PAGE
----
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SALT LAKE CITY -- Some encouraging news regarding Utah's homeless population: A recent survey conducted by the Utah Division of Housing and Community Development shows the number of people classified as "chronically homeless" has gone down significantly in the past year. It's a downward trend that's been going on since 2005.
A chronically homeless person is defined as someone who has experienced a form of homelessness three times in the past five years, or for a period longer than one year.
According to Gordon Walker, Director of the Utah Department of Housing and Community Development, "In the last year, chronic homelessness is down 42 percent. But more importantly, as we look at the longer span since we started this program, chronic homelessness is down by 58 percent."
Each year, the state conducts what it calls a "Point in Time" count of its homeless population. This is a method to count the number of homeless people in a particular place, within a specific time period, on a given day. This year, the given day was Jan. 27.
• 10 percent are chronically homeless, those with a disabling condition who have been homeless for one year or more, or who have fallen into homelessness at least four times within three years. The vast majority are male, and one-third are veterans. Many struggle with mental illness and addictions.
• 65 percent are single men or women
• 43 percent are people in families, the fastest growing segment of the homeless population
• 85 percent are Utah residents; your neighbors, friends and relatives
• 90 percent live along the Wasatch Front, concentrated in Salt Lake and Weber counties
Lt. Gov. Greg Bell, who is chairman of the Utah Homeless Coordinating Committee says, "The purpose of the count today is so we have an accurate baseline so that we're addressing the problem correctly."
Utah has 15,642 people who are homeless. That's about one half of a percent of the state's population. As for the nation as a whole, about 1 percent are homeless.
Sixty-four agencies in Utah -- including soup kitchens, temporary shelters, religious groups, law enforcement and others -- assisted with this year's count.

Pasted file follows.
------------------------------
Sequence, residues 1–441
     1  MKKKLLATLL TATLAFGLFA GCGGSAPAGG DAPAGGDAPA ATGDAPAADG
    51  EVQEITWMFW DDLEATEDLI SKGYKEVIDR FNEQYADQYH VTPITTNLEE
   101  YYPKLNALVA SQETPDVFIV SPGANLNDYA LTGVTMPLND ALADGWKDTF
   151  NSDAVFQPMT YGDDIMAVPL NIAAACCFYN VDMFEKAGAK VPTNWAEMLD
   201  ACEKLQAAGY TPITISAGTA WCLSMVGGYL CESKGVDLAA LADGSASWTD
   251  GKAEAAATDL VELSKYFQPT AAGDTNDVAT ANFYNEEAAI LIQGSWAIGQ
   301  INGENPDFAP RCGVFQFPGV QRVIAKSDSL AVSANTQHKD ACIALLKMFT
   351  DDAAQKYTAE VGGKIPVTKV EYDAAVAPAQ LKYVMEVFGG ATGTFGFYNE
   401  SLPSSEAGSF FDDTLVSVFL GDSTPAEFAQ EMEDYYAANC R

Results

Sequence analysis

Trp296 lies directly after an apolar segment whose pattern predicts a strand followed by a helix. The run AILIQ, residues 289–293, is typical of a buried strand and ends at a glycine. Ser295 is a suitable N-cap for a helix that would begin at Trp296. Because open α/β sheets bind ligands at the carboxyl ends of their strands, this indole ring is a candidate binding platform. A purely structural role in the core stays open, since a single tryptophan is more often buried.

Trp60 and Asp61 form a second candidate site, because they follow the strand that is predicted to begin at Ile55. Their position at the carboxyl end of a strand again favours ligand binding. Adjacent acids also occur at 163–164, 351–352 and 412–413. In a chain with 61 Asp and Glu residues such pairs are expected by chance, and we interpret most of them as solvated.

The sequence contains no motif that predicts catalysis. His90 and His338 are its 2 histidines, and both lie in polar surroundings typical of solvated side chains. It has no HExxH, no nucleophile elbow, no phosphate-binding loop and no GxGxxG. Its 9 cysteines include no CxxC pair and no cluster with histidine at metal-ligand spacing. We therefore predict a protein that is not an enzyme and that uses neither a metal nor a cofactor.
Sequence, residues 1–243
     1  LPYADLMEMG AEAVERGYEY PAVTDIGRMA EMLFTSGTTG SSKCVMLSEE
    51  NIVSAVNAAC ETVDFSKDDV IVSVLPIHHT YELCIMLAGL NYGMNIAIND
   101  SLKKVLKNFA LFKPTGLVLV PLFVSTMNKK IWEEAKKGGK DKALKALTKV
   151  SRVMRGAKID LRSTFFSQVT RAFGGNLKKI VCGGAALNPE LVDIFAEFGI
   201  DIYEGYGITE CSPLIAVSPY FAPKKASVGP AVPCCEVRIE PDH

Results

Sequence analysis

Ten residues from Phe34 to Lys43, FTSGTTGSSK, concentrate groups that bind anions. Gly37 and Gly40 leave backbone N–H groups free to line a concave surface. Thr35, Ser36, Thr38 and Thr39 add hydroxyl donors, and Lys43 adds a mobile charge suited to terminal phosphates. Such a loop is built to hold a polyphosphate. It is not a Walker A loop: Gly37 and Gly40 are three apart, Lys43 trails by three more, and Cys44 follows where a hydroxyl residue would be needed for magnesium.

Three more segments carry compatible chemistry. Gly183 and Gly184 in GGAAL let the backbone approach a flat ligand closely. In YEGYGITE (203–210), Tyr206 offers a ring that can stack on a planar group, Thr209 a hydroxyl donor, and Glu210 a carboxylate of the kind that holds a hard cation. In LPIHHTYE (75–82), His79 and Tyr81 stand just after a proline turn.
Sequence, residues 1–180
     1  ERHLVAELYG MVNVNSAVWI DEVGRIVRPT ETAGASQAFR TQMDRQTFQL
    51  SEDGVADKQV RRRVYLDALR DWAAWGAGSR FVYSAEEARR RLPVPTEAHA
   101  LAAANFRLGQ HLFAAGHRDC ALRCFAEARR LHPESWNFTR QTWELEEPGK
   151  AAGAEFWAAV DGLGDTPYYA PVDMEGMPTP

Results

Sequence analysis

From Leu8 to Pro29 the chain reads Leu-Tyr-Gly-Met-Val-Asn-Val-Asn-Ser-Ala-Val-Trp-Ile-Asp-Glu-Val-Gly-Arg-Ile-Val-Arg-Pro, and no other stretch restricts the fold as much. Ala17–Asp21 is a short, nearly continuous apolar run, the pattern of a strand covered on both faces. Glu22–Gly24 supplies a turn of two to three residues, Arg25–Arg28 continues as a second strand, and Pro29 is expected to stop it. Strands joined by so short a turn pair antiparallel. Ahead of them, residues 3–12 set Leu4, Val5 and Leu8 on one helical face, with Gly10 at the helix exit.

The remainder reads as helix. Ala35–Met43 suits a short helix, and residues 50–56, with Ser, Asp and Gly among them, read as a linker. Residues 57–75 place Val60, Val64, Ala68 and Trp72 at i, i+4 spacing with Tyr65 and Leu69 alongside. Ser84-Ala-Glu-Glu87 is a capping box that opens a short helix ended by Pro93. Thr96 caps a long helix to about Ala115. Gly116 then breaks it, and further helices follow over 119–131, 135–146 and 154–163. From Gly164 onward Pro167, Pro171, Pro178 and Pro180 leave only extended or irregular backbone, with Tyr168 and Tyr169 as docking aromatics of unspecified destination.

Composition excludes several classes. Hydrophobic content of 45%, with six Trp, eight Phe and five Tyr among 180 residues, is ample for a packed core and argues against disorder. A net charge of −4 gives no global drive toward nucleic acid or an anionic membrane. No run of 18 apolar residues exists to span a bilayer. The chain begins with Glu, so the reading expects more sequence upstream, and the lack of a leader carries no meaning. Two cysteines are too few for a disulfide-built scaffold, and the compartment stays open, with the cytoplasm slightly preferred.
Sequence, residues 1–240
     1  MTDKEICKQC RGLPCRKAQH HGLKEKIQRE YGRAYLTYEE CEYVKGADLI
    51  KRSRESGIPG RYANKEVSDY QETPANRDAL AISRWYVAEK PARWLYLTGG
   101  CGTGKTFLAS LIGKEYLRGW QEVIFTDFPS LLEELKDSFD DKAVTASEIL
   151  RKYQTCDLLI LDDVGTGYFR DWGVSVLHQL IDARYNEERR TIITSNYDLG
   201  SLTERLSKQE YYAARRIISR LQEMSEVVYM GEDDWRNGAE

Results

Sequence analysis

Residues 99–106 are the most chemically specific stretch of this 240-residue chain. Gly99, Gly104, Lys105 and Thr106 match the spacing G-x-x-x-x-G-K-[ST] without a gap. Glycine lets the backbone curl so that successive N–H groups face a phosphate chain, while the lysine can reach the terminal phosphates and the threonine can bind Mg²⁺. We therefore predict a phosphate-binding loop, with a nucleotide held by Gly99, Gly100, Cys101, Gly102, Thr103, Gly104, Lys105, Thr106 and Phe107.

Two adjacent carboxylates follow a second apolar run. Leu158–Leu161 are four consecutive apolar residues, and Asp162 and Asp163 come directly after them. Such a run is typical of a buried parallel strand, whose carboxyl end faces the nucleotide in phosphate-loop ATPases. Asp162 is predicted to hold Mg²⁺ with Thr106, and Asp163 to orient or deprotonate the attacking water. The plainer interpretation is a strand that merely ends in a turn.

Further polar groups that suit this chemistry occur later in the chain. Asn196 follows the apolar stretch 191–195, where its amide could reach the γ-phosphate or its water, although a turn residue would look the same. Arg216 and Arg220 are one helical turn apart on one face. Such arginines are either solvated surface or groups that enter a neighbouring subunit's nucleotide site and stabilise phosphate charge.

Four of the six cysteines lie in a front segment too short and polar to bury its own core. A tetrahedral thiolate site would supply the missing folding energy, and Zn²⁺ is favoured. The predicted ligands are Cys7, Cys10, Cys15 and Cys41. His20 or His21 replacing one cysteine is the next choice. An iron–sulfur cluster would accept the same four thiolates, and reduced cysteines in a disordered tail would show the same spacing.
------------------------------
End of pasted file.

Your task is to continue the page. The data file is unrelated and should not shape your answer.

In 2004, Utah began an effort to wipe out chronic homelessness within a decade. So far, the program is working.
Thanks to funding from federal, state and private agencies, affordable housing complexes -- such as Sunrise Metro and Palmer Court in Salt Lake -- have taken people off the streets and into their own place, where they receive job training and get their lives back in order. Matt Minkivitch, executive director of The Road Home in Salt Lake, says that's freed up much-needed space at his facility.
"People have moved into housing. They've moved out of shelter and they have not come back, and they are succeeding in housing," Minkivitch says. "It made room for us in the shelter to withstand what has been a disturbing increase in the number of families who have come to us, and that is a trend that we attribute to a downturn in the economy."
• Sheltered headcount decreased by 9% (15,015 down to 13,675 persons)
• Unsheltered headcount increased by 286% (510 up to 1,967 persons)
Source: Div. of Housing and Community Development
The state has built nearly 500 affordable apartment units in the past several years, and more are planned.
"The big message today is that we're able to house the chronically homeless and effectively begin to change their lives," Walker says.
Overall, the total number of homeless in Utah is up just slightly from last year: 0.75 of a percent. But it's the chronic homelessness number that's critical, because they no longer use up as many resources that are supposed to be used for those who need them on a short-term basis.